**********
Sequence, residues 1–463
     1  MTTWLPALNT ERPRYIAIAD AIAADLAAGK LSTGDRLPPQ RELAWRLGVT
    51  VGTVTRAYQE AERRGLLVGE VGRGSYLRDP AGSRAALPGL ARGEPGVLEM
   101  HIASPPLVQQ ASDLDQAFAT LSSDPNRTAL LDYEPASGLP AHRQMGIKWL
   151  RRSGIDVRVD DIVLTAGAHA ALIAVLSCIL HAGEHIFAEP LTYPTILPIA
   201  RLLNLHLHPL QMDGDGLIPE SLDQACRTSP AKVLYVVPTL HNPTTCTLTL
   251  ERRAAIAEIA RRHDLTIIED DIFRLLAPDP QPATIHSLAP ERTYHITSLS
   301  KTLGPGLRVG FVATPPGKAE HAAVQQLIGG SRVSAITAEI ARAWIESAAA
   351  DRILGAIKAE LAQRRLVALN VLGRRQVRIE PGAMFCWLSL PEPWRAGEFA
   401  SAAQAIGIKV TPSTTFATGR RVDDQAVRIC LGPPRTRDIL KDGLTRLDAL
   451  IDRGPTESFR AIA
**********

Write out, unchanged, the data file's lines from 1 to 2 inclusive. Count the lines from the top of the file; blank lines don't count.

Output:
Sequence, residues 1–463
     1  MTTWLPALNT ERPRYIAIAD AIAADLAAGK LSTGDRLPPQ RELAWRLGVT